On Fri, 24 Mar 2000, Mike A. Harris wrote:
> I've been reading bits and pieces of this whole thread for a
> while now, and have finally come up with an opinion. I think
> that overcommit should be an option which defaults to
> off. Here's why:
Suppose we had a perfect operating system. It had 100 megabytes of
virtual RAM (physical and mechanical storage). It also had zero
overhead. It was, by definition perfect. It did not, and could
not over-commit any virtual RAM.
Just after the machine is booted, I want to run a program that
runs faster and better, the more memory it has. Perhaps it's a
Web Server or a Database.
This perfect program allocates all the memory it can, by first
trying to allocate a gigabyte. This fails, it then, by successive
approximation (perhaps Newton's method), finally is able to allocate
90 megabytes. The other virtual RAM has been perfectly allocated
by the various other daemons.
Now, three weeks from today, that program will finally touch the
last bit of RAM it allocated.
In the meantime, you can't log in.
Even if the perfect operating system kept some virtual RAM for
'root' to log-in. It has no idea of what programs root would
want to execute. Eventually, it will fail with an out-of memory
Therefore all known Unix Operating Systems allow the use of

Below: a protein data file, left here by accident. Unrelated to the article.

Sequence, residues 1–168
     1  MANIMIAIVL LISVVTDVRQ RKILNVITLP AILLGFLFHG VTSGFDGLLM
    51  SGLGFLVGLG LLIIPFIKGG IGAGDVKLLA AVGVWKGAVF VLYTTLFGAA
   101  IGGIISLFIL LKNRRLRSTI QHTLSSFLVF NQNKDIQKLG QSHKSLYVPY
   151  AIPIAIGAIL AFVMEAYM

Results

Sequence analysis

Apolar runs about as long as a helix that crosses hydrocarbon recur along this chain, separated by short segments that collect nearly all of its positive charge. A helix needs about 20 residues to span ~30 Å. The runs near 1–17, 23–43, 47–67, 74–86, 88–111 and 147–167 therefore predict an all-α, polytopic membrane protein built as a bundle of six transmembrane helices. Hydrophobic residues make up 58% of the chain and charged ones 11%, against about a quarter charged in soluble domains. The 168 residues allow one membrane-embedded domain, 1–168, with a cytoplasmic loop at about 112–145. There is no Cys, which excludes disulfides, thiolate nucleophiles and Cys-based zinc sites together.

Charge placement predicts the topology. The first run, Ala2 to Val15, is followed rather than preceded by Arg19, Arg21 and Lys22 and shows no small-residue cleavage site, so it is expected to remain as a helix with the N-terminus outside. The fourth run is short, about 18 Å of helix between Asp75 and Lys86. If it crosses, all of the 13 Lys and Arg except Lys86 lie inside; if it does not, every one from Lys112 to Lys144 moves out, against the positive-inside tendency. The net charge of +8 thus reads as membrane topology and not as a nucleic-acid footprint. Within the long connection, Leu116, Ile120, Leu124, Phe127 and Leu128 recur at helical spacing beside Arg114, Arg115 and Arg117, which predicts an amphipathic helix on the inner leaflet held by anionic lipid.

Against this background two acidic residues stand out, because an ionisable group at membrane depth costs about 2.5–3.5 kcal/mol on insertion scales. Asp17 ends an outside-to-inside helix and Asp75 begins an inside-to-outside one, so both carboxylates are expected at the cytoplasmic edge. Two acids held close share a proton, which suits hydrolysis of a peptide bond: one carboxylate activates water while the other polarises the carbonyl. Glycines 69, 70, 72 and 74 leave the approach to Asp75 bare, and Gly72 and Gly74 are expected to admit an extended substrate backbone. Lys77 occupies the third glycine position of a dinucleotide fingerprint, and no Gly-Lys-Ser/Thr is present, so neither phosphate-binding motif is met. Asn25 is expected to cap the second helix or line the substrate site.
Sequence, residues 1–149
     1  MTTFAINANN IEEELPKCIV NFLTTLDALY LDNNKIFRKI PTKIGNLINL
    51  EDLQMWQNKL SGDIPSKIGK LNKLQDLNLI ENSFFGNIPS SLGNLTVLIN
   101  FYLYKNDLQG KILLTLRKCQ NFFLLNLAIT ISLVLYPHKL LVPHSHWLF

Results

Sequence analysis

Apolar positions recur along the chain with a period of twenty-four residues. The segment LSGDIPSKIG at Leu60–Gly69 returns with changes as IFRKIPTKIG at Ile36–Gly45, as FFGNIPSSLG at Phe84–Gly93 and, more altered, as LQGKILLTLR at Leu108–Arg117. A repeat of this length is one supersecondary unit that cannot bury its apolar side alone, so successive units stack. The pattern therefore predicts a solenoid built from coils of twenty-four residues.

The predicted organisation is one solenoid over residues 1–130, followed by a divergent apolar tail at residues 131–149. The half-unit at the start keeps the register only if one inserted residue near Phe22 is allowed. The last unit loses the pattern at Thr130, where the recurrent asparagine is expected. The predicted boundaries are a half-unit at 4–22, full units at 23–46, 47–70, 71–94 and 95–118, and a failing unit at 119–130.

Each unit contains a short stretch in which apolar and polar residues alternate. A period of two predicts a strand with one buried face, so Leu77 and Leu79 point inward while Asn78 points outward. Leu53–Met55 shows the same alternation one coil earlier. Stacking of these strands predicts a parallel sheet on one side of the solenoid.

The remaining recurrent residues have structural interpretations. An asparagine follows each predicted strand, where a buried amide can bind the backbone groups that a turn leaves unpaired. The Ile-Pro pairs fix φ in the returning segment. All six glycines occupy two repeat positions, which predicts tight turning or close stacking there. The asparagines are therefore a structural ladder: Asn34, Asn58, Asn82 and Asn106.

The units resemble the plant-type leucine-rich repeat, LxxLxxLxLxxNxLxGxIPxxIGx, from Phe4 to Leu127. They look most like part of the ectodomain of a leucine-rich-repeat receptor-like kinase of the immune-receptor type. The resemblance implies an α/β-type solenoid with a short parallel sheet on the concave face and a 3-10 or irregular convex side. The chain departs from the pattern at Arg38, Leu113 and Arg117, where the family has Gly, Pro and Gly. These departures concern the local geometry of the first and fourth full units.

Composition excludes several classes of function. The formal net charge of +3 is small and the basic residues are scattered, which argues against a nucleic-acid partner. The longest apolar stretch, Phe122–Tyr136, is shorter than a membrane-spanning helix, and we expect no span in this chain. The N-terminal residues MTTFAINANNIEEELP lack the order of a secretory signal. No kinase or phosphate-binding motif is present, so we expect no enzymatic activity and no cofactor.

'currently unused' virtual RAM. This RAM may have been allocated, but
it has not been touched yet. The tasks that have allocated it will
not even know that it was 'borrowed'. This is the nature of
This has a side effect that has been known for a long time, as long
as Unix has existed. It is possible for a user to deliberately
attack the machine. Resource management helps, but a user can still
bring the machine to an out-of-virtual RAM condition. The immediate
solution has been for the kernel to kill off programs when necessary
to assure its survival. Some think this is a bad idea. They what
their program to "survive" while the operating system dies.
A smarter 'kill' could be obtained using a daemon that watches
all the process activity. It could detect runaway programs, either
deliberate or otherwise. The kernel would never encounter an
out-of-virtual-RAM condition if such a program existed.
Nay-sayers state that the daemon would never get a chance to operate
against a well-designed killer program. However, this is not correct.
Once disk activity occurs, there is plenty of time available for
a watcher daemon to kill off the offending task. This is because the
task must sleep while the I/O is completing.
Penguin : Linux version 2.3.41 on an i686 machine (800.63 BogoMips).
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